Do you have anything objective/scientific to back up that statement? Or just subjective rhetoric?
Science generally makes a better argument.
-- Tom Fine
----- Original Message -----
From: "Clark Johnsen" <[log in to unmask]>
To: <[log in to unmask]>
Sent: Thursday, October 10, 2013 6:16 PM
Subject: Re: [ARSCLIST] a prime case of why subjective reviews of audio gear are USELESS
>I suppose you've already considered that the standard portfolio of
> distortion measurements hardly describes the actual sound into loudspeakers?
> On Thu, Oct 10, 2013 at 5:04 PM, Tom Fine <[log in to unmask]>wrote:
>> This kind of thing lights a fire under the audiophillic community. The
>> beauty of this example is that it was all played out in Stereophile,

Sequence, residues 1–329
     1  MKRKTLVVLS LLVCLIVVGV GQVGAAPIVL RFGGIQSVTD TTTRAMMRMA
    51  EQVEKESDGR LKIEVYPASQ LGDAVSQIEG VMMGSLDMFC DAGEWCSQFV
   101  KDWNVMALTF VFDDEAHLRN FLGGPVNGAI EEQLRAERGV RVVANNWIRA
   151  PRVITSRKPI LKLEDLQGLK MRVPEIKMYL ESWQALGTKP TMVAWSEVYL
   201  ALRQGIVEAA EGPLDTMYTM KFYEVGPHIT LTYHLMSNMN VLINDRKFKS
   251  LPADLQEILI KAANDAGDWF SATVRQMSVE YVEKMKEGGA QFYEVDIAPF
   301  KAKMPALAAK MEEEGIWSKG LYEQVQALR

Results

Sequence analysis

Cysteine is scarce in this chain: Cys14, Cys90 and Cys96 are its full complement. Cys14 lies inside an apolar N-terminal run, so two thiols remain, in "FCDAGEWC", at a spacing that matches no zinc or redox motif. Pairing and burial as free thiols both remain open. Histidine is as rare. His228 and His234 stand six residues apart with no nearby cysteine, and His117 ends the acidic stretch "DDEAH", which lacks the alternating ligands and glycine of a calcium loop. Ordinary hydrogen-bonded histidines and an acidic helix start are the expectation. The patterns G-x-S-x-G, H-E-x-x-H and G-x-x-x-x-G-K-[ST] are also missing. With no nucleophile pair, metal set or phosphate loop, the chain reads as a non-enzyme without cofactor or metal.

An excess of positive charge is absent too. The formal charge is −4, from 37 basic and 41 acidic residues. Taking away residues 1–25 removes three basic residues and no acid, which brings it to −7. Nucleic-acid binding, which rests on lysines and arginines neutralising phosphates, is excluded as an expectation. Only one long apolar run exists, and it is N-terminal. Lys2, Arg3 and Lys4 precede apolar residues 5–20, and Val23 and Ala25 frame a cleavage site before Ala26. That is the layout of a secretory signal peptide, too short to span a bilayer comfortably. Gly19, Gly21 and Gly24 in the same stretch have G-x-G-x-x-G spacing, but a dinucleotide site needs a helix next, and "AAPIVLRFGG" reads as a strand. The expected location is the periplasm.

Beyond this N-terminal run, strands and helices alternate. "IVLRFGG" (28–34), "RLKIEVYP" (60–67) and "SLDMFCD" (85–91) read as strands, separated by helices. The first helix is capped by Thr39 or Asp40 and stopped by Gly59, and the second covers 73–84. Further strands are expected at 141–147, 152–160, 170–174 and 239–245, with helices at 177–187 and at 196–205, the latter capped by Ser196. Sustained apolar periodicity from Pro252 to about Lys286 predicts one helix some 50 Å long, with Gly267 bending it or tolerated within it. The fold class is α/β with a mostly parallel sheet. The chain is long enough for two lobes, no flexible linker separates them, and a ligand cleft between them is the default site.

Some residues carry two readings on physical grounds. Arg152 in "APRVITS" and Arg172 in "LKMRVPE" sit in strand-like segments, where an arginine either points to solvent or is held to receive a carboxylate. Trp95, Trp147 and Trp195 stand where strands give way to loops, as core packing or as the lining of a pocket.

>> definitely prime reading for the subjective-review scene:
>> I suggest you start with John Atkinson's measurements of this clearly
>> badly-designed piece of gear:
>> Then go back and read the main, gushing review, and the follow-on by
>> another editor:
>> I'm not questioning the sincerity of any of them, nor the deep belief by
>> the two subjective reviewers that they liked what they heard. But, if they
>> could so like something that should have very audible distortions and
>> colorations, how can we trust their reviews? What is their reference point,
>> because it seems to favor colorations and distortions? It's OK not to like
>> accurate sound reproduction, but what use is a review of anything if the
>> goal isn't accurate sound reproduction?
>> One man's (subjective) opinions ...
>> -- Tom Fine